About Me

Ithaca, New York
MWF, now officially 42, loves long walks on the beach and laughing with friends ... oh, wait. By day, I'm a mid-level university administrator reluctant to be more specific on a public forum. Nights and weekends, though, I'm a homebody with strong nerdist leanings. I'm never happier than when I'm chatting around the fire, playing board games, cooking up some pasta, and/or road-tripping with my family and friends. I studied psychology and then labor economics in school, and I work in higher education. From time to time I get smug, obsessive, or just plain boring about some combination of these topics, especially when inequality, parenting, or consumer culture are involved. You have been warned.

Monday, September 27, 2010

#70 - Ophelia's Mom

Ophelia's Mom: Women Speak Out About Loving and Letting Go of Their Adolescent Daughters, bu Nina Shandler (New York: Crown Publishers, 2001).

Summary: "'Why do I hurt so much when she pulls away?' 'What did I do wrong?' 'Are we ever going to be friends again?' 'Why is she friends with that sleaze and dating that fungus?' 'I know I'm supposed to let her go, but I don't know how and I'm terrified.' From the mother of the author of the bestselling Ophelia Speaks, this is the first book in which mothers of adolescent girls speak out about how the changes in their daughters' lives are prompting cataclysms in their own.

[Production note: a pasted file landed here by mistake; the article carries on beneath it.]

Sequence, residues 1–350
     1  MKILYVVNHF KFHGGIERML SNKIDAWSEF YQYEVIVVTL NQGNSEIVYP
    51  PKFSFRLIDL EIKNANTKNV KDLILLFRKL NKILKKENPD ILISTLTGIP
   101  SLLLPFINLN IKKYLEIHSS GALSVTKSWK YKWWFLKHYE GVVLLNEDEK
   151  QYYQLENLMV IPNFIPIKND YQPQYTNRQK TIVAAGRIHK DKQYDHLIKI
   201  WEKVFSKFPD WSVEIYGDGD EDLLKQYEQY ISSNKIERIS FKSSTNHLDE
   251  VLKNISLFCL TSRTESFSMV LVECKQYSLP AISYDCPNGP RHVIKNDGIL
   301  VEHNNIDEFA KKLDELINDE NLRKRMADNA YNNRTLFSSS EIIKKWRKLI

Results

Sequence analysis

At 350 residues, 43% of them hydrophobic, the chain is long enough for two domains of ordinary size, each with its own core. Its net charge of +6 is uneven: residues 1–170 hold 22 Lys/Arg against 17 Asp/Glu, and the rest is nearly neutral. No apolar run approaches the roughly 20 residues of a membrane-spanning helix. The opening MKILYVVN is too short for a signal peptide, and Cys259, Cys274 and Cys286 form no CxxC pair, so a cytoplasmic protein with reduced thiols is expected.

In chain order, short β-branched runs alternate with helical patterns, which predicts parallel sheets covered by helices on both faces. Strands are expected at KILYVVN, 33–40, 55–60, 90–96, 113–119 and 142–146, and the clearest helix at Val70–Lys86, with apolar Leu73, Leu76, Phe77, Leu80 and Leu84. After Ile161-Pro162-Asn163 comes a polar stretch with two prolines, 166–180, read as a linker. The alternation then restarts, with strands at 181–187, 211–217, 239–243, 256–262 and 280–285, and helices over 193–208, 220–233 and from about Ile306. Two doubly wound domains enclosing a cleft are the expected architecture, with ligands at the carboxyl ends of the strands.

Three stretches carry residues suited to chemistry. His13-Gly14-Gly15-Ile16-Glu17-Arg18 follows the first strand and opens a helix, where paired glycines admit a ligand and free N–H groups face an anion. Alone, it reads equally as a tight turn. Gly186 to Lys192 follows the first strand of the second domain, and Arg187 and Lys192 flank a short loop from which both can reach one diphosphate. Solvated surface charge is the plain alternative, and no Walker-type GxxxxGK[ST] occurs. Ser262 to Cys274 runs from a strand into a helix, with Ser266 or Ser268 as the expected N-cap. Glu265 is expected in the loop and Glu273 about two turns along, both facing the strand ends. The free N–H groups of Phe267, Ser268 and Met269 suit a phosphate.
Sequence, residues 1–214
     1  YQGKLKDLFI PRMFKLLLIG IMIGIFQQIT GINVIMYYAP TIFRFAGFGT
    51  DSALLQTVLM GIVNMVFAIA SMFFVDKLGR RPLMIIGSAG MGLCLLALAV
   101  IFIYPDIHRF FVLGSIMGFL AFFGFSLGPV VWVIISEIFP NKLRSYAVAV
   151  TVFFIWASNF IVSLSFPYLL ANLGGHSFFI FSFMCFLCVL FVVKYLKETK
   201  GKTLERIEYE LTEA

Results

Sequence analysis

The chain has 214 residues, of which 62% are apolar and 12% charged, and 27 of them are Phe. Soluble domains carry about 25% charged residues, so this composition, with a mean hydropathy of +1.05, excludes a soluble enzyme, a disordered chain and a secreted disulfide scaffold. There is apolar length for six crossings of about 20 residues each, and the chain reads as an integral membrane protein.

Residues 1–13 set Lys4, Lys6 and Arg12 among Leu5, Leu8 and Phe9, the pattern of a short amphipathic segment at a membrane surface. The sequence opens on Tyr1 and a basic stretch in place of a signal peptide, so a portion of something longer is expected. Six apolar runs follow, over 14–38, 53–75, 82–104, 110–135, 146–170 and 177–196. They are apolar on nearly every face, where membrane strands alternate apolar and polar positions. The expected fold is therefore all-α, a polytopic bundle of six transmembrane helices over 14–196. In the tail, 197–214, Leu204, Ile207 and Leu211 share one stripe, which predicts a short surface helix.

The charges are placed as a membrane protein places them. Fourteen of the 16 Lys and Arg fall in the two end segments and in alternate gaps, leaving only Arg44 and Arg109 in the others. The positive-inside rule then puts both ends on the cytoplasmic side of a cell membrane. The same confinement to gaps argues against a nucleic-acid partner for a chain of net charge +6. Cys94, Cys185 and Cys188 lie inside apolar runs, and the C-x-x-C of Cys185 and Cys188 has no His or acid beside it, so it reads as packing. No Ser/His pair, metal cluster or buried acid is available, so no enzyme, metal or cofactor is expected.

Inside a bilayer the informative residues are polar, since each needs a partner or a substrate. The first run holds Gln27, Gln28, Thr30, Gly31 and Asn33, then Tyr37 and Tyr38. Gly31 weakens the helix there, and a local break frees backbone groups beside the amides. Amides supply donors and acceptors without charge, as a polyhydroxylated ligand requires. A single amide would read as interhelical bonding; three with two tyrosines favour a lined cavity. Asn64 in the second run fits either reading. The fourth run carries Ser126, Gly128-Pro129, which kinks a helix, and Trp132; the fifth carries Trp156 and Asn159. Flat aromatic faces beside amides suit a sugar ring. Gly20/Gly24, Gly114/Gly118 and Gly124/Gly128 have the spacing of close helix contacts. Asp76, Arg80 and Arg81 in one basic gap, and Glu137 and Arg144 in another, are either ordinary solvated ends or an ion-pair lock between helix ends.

Reviving Ophelia and Ophelia Speaks explored the painful challenges faced by teen girls. But where's the support for the mothers of those teen girls? In Ophelia's Mom, Nina Shandler, Ed.D., gives the mothers the chance to speak out about feelings and uncertainties too often considered taboo.

"Culled from written submissions and interviews with hundreds of women from all walks of life and from every part of the country, the concerns voiced in these pages reflect the universal experience of mothers facing one set of life changes while their daughters are facing another. With humor, pathos, insight, rage, sadness, joy, and ultimately, optimism, these mothers talk candidly about rejection and separation, feminism versus Girl Power, love and sex, friends, school, drugs and alcohol, divorce, menstruation and menopause, the mother-daughter bond, and much more.

"As these mothers reveal how this life passage has reshaped them as well as their children, you'll realize that you're not crazy, and you're certainly not alone in your frustration, confusion, and exhilaration over raising an adolescent daughter."

Table of Contents:
  • Introduction
Backstage Moms
  • A Supporting Role
  • In the Wings
Part One: Into Adolescent Territory
  • Blood and Tears
  • Mirror Images: Hormones, Body Shapes, and Skin Conditions
  • Frozen Affections
  • Passing Storms
  • Limits of Power
Part Two: Disarmed Bodyguards
  • The Culture of School
  • The Influence of Friends
  • The Quest for Love
  • Sex: The Carnal Consequences
  • The Lure of Intoxication: Alcohol and Drugs
  • The Edges of Emotion: Depression and Eating Disorders
  • Minding the Body: Illness and Disease
Part Three: Tied in Family Knots
  • Fathers and Husbands
  • Daughters and Sisters
  • Broken Homes
  • Legacies: From Generation to Generation
Part Four: Transitions and Transformations
  • Holding On to Values
  • Pushed into Self-Discovery
Into the Limelight
  • On to a New Stage
My take: Interesting in small doses, but on the whole -- somewhat depressing and more than a little tedious.

Granted, some of this may be the result of selection bias. Shandler collected the interviews and essays that form the backbone of her book via the following invitation:
"An Invitation to Mothers of Adolescent Girls